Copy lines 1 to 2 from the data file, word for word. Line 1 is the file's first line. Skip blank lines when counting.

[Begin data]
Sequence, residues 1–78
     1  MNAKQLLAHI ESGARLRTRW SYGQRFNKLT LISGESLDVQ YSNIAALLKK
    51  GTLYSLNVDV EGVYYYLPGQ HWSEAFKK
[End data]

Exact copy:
Sequence, residues 1–78
     1  MNAKQLLAHI ESGARLRTRW SYGQRFNKLT LISGESLDVQ YSNIAALLKK